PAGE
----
Dwight Phetteplace: Award winning guitarist, singer, and NH JP

Wedding Music Blog***

PLANNING YOUR WEDDING CEREMONY MUSIC--VOCALS vs INSTRUMENTAL

Planning Your Ceremony Music

 Questions to ask yourself when planning ceremony music:

Do you have a special song to include, or are you just looking for a unique and fun approach to your ceremony music ?

Today's post will talk about including vocals in your music.

Question 4: Vocal vs. Instrumental ?

 

Because I am a singer as well as an instrumental guitarist, couples have the option of including vocals in their wedding ceremony music.  Probably 75% of the ceremony music I play is instrumental guitar, which is always a versatile and elegant choice. But some of the most beautiful and unique wedding ceremonies I play incorporate singing as part of their music.

Here are some things to consider when thinking about including vocals:

* Special songs: If you are planning to include current popular songs, or maybe your special song, remember that many of your guests will not recognize instrumental versions. ( Not all popular songs make great instrumentals anyway). Singing can let your guests hear why ( and remind you why) this song is special to you...lots of times it's the lyrics that make a song special.

 

*Overall Mood:  If you envision a folksy, relaxed, or informal tone for your ceremony, vocals can add a fun and different accent...not quite as formal... and just about everyone loves a singer with a guitar.

Then again, if you are looking for a more stately, formal mood...maybe consistent with your particular setting ...then instrumental music might be more elegant. 

And, of course, if your ceremony musician is playing bagpipes, or cello, or violin, then singing is probably not an option for you anyway :)

 

*Singing the Recessional: Using instrumentals, either traditional or contemporary , for the processionals, then switching to a sung recessional is a favorite approach of mine. Singing the recessional shifts the mood in the direction of fun and celebration...kind of signals that the formal part is over.  This is how I would set up my own wedding music.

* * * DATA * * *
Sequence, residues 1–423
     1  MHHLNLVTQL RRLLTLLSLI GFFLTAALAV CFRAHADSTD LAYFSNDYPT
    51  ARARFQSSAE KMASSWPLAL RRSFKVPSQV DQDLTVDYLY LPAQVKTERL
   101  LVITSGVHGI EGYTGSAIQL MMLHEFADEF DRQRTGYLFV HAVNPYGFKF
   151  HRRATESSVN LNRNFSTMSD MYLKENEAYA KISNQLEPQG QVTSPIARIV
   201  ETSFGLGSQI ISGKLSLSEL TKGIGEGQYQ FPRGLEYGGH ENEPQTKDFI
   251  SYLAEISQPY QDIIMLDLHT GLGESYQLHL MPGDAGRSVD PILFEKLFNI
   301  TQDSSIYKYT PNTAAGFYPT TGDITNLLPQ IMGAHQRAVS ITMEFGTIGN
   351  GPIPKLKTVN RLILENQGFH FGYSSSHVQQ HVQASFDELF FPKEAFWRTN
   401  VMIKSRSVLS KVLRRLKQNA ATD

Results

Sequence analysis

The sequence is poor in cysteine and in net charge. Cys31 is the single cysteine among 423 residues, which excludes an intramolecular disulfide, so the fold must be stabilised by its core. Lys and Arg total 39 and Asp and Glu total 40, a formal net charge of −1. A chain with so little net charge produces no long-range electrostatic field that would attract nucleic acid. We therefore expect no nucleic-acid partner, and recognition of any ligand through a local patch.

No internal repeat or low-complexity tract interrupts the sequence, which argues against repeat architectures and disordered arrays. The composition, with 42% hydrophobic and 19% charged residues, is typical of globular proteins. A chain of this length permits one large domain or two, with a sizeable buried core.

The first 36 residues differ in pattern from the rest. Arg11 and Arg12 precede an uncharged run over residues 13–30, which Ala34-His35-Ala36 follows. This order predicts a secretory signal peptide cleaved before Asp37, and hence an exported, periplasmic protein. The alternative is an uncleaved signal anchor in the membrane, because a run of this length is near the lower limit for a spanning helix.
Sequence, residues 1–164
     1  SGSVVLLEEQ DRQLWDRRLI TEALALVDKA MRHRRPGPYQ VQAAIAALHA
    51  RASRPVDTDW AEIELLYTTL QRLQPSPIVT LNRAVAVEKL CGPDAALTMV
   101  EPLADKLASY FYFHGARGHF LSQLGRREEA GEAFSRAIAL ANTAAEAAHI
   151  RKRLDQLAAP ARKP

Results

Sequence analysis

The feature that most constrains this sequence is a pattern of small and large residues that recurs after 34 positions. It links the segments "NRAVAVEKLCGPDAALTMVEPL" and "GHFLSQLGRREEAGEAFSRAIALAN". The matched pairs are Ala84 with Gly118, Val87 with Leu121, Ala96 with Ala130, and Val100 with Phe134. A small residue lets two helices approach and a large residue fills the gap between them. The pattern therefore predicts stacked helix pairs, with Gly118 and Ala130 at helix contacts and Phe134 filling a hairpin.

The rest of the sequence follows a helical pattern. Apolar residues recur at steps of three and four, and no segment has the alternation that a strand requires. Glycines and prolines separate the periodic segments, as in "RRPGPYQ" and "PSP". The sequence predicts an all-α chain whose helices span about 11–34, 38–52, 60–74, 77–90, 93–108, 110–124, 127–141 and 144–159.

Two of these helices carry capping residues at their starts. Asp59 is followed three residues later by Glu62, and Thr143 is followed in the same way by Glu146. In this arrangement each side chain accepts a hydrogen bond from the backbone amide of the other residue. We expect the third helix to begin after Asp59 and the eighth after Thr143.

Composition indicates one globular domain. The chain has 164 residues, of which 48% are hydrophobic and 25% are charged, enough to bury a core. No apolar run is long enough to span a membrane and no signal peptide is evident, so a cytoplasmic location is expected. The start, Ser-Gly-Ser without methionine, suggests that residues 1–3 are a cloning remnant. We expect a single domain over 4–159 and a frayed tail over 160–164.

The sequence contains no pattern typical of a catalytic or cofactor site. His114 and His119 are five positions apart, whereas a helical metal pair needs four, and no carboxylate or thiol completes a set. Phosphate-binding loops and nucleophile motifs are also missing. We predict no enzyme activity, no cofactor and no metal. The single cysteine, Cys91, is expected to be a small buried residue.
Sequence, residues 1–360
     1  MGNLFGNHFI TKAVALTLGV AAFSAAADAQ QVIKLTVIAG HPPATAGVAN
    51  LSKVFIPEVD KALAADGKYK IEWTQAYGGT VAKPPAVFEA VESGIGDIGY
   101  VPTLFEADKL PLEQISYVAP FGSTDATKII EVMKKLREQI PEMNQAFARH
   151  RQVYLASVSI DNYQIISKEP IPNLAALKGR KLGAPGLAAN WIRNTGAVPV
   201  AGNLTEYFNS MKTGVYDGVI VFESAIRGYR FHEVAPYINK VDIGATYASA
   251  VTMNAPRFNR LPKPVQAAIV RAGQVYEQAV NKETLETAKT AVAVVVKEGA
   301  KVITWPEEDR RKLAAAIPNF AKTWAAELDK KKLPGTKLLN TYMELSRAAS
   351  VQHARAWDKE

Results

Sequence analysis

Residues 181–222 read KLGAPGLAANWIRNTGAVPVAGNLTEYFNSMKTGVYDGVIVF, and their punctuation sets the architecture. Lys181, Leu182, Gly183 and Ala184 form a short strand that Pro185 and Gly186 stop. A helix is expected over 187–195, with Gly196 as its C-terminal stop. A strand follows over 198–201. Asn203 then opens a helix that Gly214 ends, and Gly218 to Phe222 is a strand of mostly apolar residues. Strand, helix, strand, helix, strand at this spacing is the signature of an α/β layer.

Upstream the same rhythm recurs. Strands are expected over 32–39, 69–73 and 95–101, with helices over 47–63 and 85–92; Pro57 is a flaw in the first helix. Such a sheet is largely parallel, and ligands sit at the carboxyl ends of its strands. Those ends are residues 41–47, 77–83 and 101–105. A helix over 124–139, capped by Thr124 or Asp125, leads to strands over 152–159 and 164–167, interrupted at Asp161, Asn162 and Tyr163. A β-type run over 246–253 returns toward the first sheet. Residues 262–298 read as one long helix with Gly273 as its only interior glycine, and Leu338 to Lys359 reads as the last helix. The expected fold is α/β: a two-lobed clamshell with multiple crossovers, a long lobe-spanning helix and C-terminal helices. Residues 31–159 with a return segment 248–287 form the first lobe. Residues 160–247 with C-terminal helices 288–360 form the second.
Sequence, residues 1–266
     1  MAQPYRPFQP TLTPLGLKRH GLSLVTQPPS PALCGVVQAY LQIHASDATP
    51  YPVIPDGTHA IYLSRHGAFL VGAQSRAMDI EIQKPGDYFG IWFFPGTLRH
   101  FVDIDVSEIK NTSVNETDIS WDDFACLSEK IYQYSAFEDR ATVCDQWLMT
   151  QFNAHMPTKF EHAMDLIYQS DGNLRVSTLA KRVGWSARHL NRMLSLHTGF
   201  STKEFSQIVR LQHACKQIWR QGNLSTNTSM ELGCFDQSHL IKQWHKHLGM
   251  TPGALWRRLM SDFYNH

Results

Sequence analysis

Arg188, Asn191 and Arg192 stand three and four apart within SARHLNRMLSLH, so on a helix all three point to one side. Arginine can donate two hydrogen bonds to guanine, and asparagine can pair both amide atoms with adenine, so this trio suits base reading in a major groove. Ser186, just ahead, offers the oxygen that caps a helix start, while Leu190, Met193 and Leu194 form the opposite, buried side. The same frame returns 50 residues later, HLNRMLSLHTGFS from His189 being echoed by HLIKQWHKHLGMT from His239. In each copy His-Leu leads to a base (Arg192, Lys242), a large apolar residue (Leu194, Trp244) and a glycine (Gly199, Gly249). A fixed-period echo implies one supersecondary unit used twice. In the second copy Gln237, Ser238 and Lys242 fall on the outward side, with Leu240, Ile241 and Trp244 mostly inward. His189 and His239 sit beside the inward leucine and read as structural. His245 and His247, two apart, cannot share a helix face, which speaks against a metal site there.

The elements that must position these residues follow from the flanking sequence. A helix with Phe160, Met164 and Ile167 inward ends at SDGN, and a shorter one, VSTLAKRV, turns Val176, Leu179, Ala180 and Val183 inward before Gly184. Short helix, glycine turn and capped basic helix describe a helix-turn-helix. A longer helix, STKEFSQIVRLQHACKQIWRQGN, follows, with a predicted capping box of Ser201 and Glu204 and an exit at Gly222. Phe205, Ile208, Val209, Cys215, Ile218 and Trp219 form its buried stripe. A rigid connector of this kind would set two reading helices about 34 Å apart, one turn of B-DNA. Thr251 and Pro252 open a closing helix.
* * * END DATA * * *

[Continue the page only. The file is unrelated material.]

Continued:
*Timing:   If you are using a vocal processional, realize that most songs will last much longer than it takes for the bride ( or even a fairly large party) to walk down the aisle. It is easier to time and shorten an instrumental.

But  I always think it is nice when the song continues for a while after the bride and groom are standing together at the front...a chance to take a breath, reconnect, and listen together to those lyrics that mean so much to you.

 

*A Song Within the Ceremony:  Another great option for you to consider is to have that special song performed mid-ceremony, like a reading, where folks can really listen to it. My experience is that this is always a really cool touch, but just not done that often.

 

...so those are some my thoughts on including vocal music in your ceremony.  It's a nice option to have, and I actually think a bit underused...

But that's just me :)

 

You can visit my website and look at some of the songs that I have been playing regularly.                           www.dwightsongs.net

 

Happy planning.

dwight

Dwight Phetteplace; Dwight's Wedding Guitar

SIX TIME WINNER:

TheKnot "Best of Weddings"    and      WeddingWire "Brides' Choice"

WEBSITE:  www.dwightsongs.net

EMAIL: dwightsweddingguitar@gmail.com

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